*Note: it’s not a good idea to do this all the time. If you keep playing the same trick, your player is going to get wise and it won’t be exciting anymore.
Cater to Player Preference
We’ve talked about this before, and we’ll do it again because it one of the very best benefits of playing one-on-one! Pick the mode of exploration that works best for you and your player(s)! Some tables love the challenge of detailed resource management and rationing. Others would find it tedious and stressful. Some players love puzzles and find them stimulating. Others can’t stand them. I don’t think that Beth would mind if she never ever saw a puzzle in a creepy dungeon ever again. But since I know that is her preference, we don’t have any wizards in our games leaving behind puzzle challenges to keep out interlopers! Do what is right for your party. Give the people what they want!
You will most likely find out what kind of exploration your players like organically by trying different things out. Try to pay attention to when they are engaged and when things start to feel slow. Try out some post-game reflection, including jotting down some notes. And heck, you can even just ask your players what they are into!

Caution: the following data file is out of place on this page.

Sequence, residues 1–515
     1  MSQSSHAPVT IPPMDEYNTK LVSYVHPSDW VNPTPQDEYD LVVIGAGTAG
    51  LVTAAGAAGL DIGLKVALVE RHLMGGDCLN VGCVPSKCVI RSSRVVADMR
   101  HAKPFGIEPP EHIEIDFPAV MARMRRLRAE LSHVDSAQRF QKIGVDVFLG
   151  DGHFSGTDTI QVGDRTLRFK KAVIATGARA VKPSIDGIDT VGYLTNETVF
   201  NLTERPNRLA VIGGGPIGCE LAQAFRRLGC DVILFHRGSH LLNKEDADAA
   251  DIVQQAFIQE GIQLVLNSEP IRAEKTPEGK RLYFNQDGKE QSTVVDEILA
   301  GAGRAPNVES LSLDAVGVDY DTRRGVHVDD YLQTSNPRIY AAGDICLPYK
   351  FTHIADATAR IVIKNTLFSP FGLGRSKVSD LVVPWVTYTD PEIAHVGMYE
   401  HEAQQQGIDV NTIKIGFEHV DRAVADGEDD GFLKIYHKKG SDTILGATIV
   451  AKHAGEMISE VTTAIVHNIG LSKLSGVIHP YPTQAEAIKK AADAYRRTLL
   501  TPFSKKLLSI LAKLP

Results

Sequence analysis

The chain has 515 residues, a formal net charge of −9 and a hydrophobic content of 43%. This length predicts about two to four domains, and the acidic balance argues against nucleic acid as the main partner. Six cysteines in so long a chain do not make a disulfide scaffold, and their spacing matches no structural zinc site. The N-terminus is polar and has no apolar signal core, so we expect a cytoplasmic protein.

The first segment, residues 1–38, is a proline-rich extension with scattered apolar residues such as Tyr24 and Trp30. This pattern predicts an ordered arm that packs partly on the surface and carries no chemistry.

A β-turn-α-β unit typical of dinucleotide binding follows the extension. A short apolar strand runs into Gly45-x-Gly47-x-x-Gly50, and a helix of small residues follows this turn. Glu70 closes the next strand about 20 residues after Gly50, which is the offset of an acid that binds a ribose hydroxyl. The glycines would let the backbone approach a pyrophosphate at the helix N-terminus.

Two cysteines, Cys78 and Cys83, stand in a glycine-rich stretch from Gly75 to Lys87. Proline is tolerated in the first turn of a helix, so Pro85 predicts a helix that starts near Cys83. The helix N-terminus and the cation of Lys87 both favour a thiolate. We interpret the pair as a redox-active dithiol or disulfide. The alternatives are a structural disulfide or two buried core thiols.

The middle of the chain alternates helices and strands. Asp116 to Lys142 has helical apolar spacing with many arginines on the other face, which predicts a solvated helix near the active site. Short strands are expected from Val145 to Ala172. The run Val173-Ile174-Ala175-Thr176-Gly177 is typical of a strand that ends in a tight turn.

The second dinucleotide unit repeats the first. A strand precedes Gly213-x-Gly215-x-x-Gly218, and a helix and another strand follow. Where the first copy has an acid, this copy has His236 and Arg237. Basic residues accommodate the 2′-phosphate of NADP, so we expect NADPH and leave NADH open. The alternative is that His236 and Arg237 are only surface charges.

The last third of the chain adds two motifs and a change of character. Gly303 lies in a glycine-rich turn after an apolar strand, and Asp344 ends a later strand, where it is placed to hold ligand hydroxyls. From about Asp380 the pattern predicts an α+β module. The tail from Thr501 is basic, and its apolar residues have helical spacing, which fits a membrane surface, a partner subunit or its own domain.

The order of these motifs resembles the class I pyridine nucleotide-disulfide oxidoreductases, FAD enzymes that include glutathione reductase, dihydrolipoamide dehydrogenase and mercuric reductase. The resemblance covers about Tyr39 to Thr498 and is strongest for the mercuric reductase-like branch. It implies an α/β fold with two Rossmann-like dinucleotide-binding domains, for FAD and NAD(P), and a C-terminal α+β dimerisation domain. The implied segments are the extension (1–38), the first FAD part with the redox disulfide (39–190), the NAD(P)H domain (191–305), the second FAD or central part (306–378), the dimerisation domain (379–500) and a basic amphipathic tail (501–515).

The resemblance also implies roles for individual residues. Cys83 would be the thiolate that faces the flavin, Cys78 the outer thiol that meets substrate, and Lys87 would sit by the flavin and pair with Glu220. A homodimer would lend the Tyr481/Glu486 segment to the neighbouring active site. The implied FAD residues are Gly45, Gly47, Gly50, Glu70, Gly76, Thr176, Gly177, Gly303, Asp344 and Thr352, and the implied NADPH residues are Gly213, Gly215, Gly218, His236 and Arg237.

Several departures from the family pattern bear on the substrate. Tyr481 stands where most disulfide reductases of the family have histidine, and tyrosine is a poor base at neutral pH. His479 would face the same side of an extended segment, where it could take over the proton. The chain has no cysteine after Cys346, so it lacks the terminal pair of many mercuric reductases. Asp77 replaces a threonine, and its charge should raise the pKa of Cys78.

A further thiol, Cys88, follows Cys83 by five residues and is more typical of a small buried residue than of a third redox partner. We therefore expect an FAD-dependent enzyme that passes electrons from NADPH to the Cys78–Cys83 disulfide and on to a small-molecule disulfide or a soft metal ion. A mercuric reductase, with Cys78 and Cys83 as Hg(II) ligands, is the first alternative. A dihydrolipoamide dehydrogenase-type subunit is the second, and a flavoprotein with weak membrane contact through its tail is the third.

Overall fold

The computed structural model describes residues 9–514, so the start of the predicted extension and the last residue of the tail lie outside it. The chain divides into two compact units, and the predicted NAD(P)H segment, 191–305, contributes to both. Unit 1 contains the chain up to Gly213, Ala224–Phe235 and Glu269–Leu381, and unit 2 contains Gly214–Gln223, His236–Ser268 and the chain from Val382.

I think a lot of people (many of whom are DMs) struggle with relinquishing control. As DMs, we spend a lot of time carefully crafting scenarios for our players! We get invested. And then we have to share control of our lovely exploration scenario. It can be tough, but whenever possible it is best to let the players add in what their characters expect in an area.
Don’t be afraid to ask the player what they are seeing! Live by the rule of “yes, and” whenever you can! If your player asks you if a given feature exists, unless it destroys important aspects of your scenario (and even then I could see it going either way) then let them have it and provide some of your own details, flavor or explanation.
For example, suppose I have a player creeping through a dungeon and they end up in a room where there seems to be no way forward. I know there is a secret door there. My player asks if there are any signs of rodents in the room and they succeed on an Investigation check. I didn’t plan on it, but sure, yes, there are rodents and there is a little rat’s nest in the corner. Boom, now my player is ready to talk to the rat that can tell them about the door and nary a Perception check was rolled!